The Fresh Loaf

News & Information for Amateur Bakers and Artisan Bread Enthusiasts

Classic Sourdoughs by Ed Wood & Jean Wood

Sour_Baker's picture
Sour_Baker

Classic Sourdoughs by Ed Wood & Jean Wood

I'm trying to use the Sourdough Pizza recipe. This is my first time using it and I was wondering if anyone else has used this recipe before

 

360 ml starter

980g AP flour

600 ml water

1 1/2 tsp salt

 

This recipe seems super super sticky to me, but then I'm not used to high hydration recipes at all. When I got to the part to separate into 6 balls, the dough wasn't working with me at all. It stuck to everything. I tried to wet my hands a bit so I could at least shape them, but that didn't work out too well. I ended up using flour just to work with it. Im wondering if I'm wrong and shouldn't use the flour.

 

Also, if this would help anything, my starter is 100% WW and over a month old.

Lechem's picture
Lechem (not verified)

The first thing that popped into my head was that 360ml starter is left wide open to interpretation. What flour is this starter made from? And what is the hydration? 

Everything else is exact measurement which makes the starter more confusing. 

The only thing I can think of is... Is there anywhere one would find instruction of how to make a starter by these author bakers? That would be a good start. 

Also what is your starter maintenance and how did you prep it for use? 

Sour_Baker's picture
Sour_Baker

I looked at the book, there was 2 ways for the starter. 1 was was activating a dry starter. The 2nd one was making your own starter, titled Capturing Your Own Starter which says to mix 2 cups (280g) flour and 1 1/2 cups (380 ml) of water, stir twice very 24 hours for 3 days, then feed it 140g flour and sufficient water to maintain a consistency and stir.

Lechem's picture
Lechem (not verified)

I don't think it's the hydration of your starter that is to blame. 

Now a bit more about your starter, how you maintain it and prep it for baking. 

What are the basic instructions for the recipe you're following. And what flour are you using? 

Sour_Baker's picture
Sour_Baker

I maintain my starter in the fridge and would feed once a week if I wasn't doing much. But I feed after pulling it out of the fridge and discarding some to wake it up. Then I build for the bake by feeding it how much starter I need. 

 

Recipe:

Mix together the culture, flour, water, and salt in large mixing bowl and knead for at least 30 minutes to develop the gluten. Place dough in a bowl and over it with plastic wrap, and proof for 4 hours at 77 to 82 degrees in a proofing box. Punch down and divide into 6 balls, about 8 oz (250g) each. Place balls on a baking sheet, cover with plastic wrap and proof for an additional 4 hours at room temp, around 70 degrees.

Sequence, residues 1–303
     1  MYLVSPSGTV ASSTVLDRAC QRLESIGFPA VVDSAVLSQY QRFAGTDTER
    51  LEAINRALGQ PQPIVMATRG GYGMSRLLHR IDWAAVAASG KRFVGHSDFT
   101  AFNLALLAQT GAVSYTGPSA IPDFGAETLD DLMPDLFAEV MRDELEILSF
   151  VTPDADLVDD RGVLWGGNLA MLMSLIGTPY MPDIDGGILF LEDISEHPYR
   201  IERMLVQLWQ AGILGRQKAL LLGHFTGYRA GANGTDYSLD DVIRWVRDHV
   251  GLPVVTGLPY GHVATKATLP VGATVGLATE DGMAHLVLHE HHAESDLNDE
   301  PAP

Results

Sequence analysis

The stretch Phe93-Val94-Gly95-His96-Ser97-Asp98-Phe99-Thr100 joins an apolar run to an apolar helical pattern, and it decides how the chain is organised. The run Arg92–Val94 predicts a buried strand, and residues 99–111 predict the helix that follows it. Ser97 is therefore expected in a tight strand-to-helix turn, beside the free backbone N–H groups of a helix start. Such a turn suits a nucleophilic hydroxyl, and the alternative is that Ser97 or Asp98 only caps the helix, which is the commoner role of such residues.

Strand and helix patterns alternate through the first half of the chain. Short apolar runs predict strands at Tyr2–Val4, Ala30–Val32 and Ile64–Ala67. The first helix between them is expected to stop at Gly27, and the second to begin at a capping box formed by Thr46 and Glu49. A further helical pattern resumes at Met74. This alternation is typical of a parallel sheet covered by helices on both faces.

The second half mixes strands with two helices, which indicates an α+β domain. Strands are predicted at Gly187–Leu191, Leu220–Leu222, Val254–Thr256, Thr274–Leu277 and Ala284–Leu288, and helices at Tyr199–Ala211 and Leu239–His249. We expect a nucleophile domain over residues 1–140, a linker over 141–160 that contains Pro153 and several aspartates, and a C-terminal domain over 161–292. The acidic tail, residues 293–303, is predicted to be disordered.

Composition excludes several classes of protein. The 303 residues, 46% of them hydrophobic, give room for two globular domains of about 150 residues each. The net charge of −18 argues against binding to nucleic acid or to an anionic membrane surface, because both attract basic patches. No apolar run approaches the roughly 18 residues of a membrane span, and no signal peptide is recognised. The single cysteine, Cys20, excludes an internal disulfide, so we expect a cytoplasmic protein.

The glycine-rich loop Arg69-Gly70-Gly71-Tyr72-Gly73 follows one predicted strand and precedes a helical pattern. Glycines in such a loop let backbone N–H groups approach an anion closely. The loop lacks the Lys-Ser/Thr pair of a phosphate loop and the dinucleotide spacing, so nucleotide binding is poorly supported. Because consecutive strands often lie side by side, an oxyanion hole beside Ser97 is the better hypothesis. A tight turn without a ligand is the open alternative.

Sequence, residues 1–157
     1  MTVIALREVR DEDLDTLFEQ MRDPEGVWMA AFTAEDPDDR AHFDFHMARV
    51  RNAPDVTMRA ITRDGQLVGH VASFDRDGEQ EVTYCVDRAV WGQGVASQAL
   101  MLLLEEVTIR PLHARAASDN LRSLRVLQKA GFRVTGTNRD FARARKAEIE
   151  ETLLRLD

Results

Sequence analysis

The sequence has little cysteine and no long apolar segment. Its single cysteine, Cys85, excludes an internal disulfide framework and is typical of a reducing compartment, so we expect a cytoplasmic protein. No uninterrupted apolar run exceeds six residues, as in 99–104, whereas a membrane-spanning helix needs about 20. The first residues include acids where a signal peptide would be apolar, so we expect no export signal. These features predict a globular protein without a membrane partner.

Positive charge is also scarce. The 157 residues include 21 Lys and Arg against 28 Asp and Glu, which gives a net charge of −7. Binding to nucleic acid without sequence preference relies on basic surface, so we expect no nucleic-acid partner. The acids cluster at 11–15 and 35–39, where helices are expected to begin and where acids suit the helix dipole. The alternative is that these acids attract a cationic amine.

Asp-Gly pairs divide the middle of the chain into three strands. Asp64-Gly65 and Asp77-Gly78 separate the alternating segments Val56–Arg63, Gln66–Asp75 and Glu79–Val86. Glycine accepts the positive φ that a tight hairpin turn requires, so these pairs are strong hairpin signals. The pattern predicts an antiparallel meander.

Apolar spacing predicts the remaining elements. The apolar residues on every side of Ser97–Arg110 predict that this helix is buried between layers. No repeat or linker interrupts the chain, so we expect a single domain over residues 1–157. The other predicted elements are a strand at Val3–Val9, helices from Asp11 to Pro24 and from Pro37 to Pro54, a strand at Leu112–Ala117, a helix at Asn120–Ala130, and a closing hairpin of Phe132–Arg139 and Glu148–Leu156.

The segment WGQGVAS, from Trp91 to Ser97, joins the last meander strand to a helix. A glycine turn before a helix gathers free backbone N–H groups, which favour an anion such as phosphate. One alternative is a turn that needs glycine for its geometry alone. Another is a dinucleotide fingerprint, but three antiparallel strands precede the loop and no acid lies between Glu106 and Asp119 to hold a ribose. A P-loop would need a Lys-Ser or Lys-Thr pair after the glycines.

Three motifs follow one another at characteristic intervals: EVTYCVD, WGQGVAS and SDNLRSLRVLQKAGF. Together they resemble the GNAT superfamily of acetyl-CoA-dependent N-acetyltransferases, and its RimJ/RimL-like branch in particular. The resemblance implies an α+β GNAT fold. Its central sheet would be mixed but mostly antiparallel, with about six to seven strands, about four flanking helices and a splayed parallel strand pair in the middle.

Then after that, it's shaping, resting for 1 hour and last but not least baking at 500 degrees for 7 to 9 minutes

Lechem's picture
Lechem (not verified)

Without knowing how much starter to fresh flour in your feeds I'm to venture a guess here. The flour in your starter that is kept in the fridge is going to be very fermented and broken down after a week. I'd build a levain using a small amount of starter and a greater amount of fresh flour. Stick to 100% hydration starter for now as it is a very wet dough when using their starter. 

Take off some starter and try an overnight feed if 1:5:5. Use the next morning when mature. 

When making the dough hold some of the water back and slowly add it when forming the dough if you think it needs it. The dough should be sticky but not so much that it's all coming off in your hands. Try and get it as high as possible but you're still able to handle it. I know you're not confident in high hydration doughs (neither am i) but try and go just a little outside your comfort zone and push the boundaries a tad. But don't feel you have to go as high as the recipe. Go by feel. 

Follow the recipe and before shaping into balls put the dough in the fridge for about 30 minutes. Cold dough is easier to handle. Also run your hands under the cold tap as warm hands make it more difficult to handle. Don't forget it might take longer to final proof as the dough is now cold. 

Best of luck and let me know how it goes. 

rollingyogi's picture
rollingyogi

I made this pizza dough recipe a few weeks ago.  I've made three pizzas and still have three dough balls in the freezer.  Did you have problems with sticky dough during the 30 min kneading or only after the first proof?  I always hold back some flour to use during the kneading process.  But after the first proof I also use a small amount of flour on the table while I divide the dough and shape into balls. My finished pizza crusts came out only Ok not great. But I think it was my own fault as I wanted a thin crust and so I stretched the dough more than was recommended. For the last three I will adhere to the 10 inch size recommended in the recipe.  I hope this was helpful 

Sour_Baker's picture
Sour_Baker

It wasn’t too bad with the kneading the first 30 minutes. Still sticky but ok. It was after the first proofing. It was just horrible. It didn’t hold any of its shape when I tried to make it into balls